It may be different for you, but faithfulness is a sliding scale for me in which every person moves around. I know who I can trust and who I can’t. I know who needs to promise me something in order to follow through and I know who can just tell me they’re going to do something and they’ll do it. And I know that my life is on the same sliding scale with everyone else because I’m the same way.
The sliding scale of faithfulness is cultural and because of this, Jesus’ words on the topic are incredibly startling. While we’ve all come to expect to not know what to expect from each other, Jesus tells us that Kingdom people are to be people who don’t make extravagant promises, but simply follow through with their commitments.
Again you have heard that it was said to those of old, “You shall not swear falsely, but shall perform to the Lord what you have sworn.” But I say to you, Do not take an oath at all, either by heaven, for it is the throne of God, or by the earth, for it is his footstool, or by Jerusalem, for it is the city of the great King. And do not take an oath by your head, for you cannot make one hair white or black. Let what you say be simply “Yes” or “No”; anything more than this comes from evil (Mt 5:33-37).
James will go on to reiterate Jesus’ teaching, saying, “But above all, my brothers, do not swear, either by heaven or by earth or by any other oath, but let your “yes” be yes and your “no” be no, so that you may not fall under condemnation” (Jam 5:12).
Apparently, if you want to avoid the condemnation that comes with failed promises (Deut 23:21-23; Lev 19:12) and you don’t want to participate in evil, you must avoid oaths. But that’s not to say that you don’t have to commit to others at all. Quite the contrary actually. If anything, Jesus is proposing something more radical than making extravagant oaths here. “The conclusion of the matter is that it is never necessary for Christ’s people to swear an oath before they utter the truth,” says Leon Morris. “Their word should always be so reliable that nothing more than a statement is needed from them.”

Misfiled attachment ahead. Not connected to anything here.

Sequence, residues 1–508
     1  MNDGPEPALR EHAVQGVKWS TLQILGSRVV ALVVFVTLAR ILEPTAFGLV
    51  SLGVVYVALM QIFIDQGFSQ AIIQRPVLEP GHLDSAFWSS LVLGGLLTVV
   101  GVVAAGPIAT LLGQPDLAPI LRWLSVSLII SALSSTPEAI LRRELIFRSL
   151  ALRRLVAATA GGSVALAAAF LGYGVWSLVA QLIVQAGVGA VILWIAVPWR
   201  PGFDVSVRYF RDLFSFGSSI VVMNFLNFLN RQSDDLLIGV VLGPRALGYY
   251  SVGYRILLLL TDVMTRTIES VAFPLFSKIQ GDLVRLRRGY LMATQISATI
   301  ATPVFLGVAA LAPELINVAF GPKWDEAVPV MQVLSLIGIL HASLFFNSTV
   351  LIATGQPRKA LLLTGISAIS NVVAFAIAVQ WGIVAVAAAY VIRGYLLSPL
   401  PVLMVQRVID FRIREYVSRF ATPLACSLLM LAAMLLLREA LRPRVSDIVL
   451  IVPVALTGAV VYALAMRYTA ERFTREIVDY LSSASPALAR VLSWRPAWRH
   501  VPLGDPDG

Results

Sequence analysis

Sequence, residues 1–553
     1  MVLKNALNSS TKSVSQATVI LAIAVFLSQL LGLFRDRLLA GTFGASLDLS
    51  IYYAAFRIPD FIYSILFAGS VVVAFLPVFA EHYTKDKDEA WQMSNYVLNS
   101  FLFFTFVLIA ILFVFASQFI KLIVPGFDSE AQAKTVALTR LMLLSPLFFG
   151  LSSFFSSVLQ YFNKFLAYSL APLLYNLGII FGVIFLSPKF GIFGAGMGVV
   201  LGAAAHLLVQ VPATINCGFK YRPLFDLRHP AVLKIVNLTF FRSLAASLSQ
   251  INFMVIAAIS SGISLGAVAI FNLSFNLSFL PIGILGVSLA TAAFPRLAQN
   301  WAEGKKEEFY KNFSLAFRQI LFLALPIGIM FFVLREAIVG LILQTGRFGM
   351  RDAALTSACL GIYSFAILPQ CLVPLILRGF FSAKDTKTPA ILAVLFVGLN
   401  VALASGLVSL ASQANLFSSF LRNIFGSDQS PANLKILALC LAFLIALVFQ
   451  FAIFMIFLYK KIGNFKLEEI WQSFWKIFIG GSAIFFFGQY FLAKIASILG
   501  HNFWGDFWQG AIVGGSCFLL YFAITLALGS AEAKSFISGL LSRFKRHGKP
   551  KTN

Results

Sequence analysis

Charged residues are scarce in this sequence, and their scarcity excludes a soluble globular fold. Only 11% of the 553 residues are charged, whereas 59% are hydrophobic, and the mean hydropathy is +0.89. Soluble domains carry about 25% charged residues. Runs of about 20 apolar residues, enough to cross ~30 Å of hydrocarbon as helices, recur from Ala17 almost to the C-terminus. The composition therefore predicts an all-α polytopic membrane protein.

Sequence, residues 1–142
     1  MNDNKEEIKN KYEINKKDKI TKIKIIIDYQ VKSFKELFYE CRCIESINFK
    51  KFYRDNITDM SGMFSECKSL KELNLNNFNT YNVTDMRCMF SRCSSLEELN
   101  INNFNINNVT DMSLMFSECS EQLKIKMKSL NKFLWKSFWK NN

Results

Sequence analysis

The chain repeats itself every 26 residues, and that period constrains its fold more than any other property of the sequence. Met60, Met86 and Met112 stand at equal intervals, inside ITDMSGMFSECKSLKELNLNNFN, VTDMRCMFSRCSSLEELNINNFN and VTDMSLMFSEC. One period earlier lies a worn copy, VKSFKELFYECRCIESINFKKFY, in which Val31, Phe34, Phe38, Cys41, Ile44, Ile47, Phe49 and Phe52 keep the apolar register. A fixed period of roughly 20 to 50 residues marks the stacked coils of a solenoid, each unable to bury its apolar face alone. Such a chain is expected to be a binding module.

Be a person of truth, integrity, and faithfulness. If you agree to something, do it. Be known as someone who will follow through on your “yes.” This is the desire of Jesus. He doesn’t want his people to have different degrees of commitment, but simply be committed. We are to be so faithful that saying yes to something is a guarantee.
For all of the people in our lives who don’t follow through on their word or commitment, there’s always that one who you can rely on. You know that if you call them, they’ll pick up. You know that if they say they’ll be there, they’ll be there. That is the kind of faithfulness that Jesus wants to see in us. If you have a friend like that, they are your example of the fruit of faithfulness and they are to be your role model.
And if you don’t have a person like that in your life, then turn to God who is faithful to us in all things. For “the word of the Lord proves true” (Ps 18:30); and “Not one word of all the good promises that the Lord had made to the house of Israel had failed; all came to pass” (Josh 21:45).
So if we are to be like God, then we too must follow through on our commitment to others.
This is an adapted excerpt from my book, A Taste of Jesus.
Morris, Leon. The Pillar New Testament Commentary: The Gospel According to Matthew. Edited by D.A. Carson, Grand Rapids, MI, William B. Eerdmans Publishing Company, 1992, p. 125-126.